More than that, though, what I teach is critical thinking. Critical thinking may sound like a simple enough concept, but it’s actually rather complex in that it requires students to engage with a text and/or topic in a way that goes beyond simply reading and looking stuff up on the Internet. Critical thinking involves thinking beyond the self so as to widen the lenses individuals use to comprehend information. And it’s not just students who are tasked with this; as an instructor, I, too, have the responsibility to constantly view information and situations from different perspectives.

To answer the question I originally set out, I teach the product of many discussions, drafts, edits, revisions, and challenges: voice. Because to teach writing is to teach voice. How to have one and how to effectively use it.

Understanding Jane Bennet, The Broken-Hearted

I recently experienced a breakup, and I have to say, it sucks. I was the one who got dumped, unexpectedly, and I was the one who put most of the effort and commitment into the relationship. So, yeah, major suckitude.

Jane Austen’s works help shed insight into my personal life, and this time is no different. I thought about my current situation, my favorite novels, and, more specifically, my favorite characters. Emma Woodhouse and Elizabeth Bennet did not seem to be appropriate for my present emotional state. Neither did Anne Elliot nor Catherine Morland.

No, the character I can connect to most is none other than Jane Bennet. Before the breakup, I thought of Jane Bennet as an extremely static, somewhat dismissible character. Her storyline consists of beautiful girl falls in love with Charles Bingley; he reciprocates her feelings. He is misguided by his closest friend and his family and breaks it off with her upon their advice. She continues to love him. When his best friend (who convinced him to breakup with her in the first place) persuades him to get back together with her, Bingley proposes to her; she accepts. Happily ever after.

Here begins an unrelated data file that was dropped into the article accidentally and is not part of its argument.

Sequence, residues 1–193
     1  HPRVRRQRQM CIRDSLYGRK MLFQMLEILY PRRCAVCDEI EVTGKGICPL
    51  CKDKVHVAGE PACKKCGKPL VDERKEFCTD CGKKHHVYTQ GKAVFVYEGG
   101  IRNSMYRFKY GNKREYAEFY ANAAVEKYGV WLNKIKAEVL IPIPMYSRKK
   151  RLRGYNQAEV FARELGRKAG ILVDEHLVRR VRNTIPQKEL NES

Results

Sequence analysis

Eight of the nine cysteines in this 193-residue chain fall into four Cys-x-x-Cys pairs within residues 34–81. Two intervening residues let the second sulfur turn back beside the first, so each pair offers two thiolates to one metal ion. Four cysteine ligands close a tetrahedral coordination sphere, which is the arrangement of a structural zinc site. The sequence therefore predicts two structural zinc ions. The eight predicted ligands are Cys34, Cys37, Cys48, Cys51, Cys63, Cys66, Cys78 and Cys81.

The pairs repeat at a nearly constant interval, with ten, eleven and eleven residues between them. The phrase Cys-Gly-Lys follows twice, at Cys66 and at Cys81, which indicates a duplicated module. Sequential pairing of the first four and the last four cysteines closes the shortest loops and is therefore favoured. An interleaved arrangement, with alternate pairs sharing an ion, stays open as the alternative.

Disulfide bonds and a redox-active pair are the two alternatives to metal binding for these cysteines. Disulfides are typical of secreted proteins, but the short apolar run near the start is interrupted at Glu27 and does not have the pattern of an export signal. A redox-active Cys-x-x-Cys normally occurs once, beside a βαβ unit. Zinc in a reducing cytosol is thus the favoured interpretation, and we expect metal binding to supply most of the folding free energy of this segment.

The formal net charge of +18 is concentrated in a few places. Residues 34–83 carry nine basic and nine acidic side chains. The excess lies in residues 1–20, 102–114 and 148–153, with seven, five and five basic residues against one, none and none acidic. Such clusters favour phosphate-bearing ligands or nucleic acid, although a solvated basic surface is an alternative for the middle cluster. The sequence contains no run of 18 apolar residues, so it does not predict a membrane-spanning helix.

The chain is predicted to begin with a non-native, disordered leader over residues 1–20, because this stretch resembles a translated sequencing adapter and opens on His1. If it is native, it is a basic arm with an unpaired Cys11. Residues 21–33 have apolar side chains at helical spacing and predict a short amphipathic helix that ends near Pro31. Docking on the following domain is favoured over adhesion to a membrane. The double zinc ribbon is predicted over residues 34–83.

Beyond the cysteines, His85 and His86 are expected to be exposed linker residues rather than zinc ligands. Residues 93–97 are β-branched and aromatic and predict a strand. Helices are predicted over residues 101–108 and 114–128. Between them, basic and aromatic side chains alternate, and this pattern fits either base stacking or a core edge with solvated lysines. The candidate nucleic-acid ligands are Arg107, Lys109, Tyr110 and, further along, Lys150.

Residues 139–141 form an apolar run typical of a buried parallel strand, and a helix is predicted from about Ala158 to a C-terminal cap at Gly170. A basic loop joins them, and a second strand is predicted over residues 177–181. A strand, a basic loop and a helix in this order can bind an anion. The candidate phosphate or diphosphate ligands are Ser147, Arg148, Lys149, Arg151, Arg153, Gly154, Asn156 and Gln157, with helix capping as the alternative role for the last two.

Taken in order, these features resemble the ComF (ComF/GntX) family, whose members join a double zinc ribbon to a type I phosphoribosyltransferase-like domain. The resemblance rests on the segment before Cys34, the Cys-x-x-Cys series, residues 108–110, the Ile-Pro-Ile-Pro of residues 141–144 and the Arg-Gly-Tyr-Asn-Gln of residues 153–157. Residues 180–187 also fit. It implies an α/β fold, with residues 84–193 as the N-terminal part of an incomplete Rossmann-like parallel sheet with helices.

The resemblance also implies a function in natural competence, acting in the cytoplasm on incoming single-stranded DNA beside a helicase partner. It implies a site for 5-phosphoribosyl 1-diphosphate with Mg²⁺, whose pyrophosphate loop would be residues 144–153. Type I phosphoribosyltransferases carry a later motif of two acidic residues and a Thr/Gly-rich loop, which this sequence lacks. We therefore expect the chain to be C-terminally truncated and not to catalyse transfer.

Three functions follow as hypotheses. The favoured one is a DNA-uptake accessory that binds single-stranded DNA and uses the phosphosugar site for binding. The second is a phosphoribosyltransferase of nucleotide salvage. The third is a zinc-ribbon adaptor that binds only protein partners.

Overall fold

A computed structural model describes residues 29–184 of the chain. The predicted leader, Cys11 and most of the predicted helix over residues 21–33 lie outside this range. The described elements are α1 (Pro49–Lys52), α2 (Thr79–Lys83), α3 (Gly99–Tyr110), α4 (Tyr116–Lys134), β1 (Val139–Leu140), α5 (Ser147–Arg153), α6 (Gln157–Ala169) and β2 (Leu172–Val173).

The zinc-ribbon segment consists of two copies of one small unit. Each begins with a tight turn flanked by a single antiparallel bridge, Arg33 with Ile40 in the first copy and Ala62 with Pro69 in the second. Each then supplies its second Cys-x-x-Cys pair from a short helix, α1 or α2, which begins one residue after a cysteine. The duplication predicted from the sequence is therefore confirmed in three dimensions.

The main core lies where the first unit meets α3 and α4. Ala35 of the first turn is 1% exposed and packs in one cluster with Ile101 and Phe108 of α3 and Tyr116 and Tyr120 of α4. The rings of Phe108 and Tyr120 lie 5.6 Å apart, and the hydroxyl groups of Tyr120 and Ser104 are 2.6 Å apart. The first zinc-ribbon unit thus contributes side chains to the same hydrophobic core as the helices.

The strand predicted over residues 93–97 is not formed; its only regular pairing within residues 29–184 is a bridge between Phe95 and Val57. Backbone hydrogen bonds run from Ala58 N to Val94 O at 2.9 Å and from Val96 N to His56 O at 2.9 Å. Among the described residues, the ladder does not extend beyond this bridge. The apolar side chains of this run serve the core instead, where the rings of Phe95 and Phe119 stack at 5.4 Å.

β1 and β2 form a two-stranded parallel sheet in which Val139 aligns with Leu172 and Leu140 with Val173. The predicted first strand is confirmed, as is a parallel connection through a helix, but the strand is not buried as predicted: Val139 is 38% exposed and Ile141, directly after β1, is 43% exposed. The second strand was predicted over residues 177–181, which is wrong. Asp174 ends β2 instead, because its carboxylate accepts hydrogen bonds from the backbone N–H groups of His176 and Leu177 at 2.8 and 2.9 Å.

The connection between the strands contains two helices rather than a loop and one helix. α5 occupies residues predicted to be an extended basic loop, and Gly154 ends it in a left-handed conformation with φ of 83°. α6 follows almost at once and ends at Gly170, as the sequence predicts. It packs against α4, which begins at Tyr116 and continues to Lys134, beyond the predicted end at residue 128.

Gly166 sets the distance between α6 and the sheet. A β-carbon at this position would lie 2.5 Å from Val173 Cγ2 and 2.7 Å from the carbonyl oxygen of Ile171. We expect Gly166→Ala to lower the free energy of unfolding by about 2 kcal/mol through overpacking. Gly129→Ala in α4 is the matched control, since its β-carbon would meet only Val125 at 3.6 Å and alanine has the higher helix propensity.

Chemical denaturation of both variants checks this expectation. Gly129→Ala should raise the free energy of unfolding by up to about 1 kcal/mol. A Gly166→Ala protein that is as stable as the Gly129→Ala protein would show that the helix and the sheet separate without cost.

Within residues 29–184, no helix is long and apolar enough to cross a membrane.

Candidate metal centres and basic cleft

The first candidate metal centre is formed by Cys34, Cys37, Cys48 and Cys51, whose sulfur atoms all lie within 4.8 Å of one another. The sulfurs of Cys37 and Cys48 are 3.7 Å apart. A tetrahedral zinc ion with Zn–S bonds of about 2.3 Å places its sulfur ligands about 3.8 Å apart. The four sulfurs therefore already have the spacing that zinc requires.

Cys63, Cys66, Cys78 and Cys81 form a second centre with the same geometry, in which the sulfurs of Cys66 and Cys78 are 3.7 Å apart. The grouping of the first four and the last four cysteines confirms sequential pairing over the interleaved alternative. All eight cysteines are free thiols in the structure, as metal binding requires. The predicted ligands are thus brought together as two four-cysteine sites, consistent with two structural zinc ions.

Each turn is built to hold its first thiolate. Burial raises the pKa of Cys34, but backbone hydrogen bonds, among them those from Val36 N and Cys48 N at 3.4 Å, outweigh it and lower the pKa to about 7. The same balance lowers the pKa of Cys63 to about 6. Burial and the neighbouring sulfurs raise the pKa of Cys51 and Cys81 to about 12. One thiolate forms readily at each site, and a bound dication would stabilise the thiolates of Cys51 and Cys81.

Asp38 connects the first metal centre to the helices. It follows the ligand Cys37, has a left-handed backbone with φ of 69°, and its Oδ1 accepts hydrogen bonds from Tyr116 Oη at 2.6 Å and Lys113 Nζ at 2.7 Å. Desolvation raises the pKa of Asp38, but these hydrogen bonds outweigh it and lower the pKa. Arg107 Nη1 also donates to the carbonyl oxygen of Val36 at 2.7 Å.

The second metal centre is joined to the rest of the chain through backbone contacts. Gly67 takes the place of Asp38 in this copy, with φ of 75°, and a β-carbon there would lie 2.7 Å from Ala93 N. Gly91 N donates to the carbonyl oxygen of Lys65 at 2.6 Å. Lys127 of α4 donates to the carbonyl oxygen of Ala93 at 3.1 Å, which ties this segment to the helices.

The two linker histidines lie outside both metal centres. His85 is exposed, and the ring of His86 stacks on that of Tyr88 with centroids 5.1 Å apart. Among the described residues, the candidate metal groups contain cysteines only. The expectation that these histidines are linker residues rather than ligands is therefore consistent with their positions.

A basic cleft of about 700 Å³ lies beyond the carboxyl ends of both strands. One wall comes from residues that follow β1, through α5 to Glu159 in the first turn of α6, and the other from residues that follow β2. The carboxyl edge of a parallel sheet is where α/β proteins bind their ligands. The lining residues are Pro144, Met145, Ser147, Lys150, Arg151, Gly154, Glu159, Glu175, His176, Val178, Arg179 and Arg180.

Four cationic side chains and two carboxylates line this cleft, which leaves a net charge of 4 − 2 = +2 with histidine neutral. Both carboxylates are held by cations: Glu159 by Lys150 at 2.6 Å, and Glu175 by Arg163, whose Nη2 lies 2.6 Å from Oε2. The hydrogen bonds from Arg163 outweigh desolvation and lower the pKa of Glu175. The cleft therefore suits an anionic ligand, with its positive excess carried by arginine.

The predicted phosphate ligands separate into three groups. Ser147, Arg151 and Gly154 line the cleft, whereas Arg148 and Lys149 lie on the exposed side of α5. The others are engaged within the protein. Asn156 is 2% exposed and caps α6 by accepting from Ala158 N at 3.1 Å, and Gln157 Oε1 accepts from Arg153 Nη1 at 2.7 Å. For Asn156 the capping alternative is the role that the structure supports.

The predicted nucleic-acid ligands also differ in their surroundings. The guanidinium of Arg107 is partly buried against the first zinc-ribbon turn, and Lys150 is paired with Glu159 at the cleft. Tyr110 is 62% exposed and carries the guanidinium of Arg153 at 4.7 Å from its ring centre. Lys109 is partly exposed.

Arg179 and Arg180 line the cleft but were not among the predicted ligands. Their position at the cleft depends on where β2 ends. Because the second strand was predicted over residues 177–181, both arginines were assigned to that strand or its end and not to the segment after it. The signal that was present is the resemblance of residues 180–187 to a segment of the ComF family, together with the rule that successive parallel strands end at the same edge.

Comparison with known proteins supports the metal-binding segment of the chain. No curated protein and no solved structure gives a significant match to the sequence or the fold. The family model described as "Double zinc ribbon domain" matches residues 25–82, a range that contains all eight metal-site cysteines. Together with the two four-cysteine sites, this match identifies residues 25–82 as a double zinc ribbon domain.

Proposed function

I am not relating to Jane Bennet for happily ever after; rather, I am relating to her for her broken-heart. She is the girl who got dumped, unexpectedly, even though she did nothing wrong. She is the girl who remained in love with the guy, even though he metaphorically kicked her to the curb. She is the broken-hearted. She is the character who helps me during this time. Plain Jane Bennet, the unexpectedly relatable.


The Jane Austen Social Scene Part IX: Marriage and Friendship


(Photo source:

Emma Woodhouse and Miss Taylor. Elizabeth “Lizzy” Bennet and Charlotte Lucas. What do these pairs have in common? They each represent a pair of Jane Austen characters whose friendships were altered when one of them married. It then became Emma Woodhouse and Mrs. Weston. Elizabeth Bennet and Mrs. Collins.

One of the motifs of Austen’s novels is that of marriage. I would argue that a more specific theme would be how marriage alters friendships between female characters. Regardless of whether or not the marriage is to a likable character, such as Mr. Weston, or to a not so well liked character, such as Mr. Collins, the institution of marriage impacts the friendship and usually in a way that weakens it. Look at Lizzy and the former Miss Lucas: sure, Lizzy visits her friend and new hubby at their home, but Charlotte is no longer the friend Lizzy could confide in and gossip to at the beginning of the novel.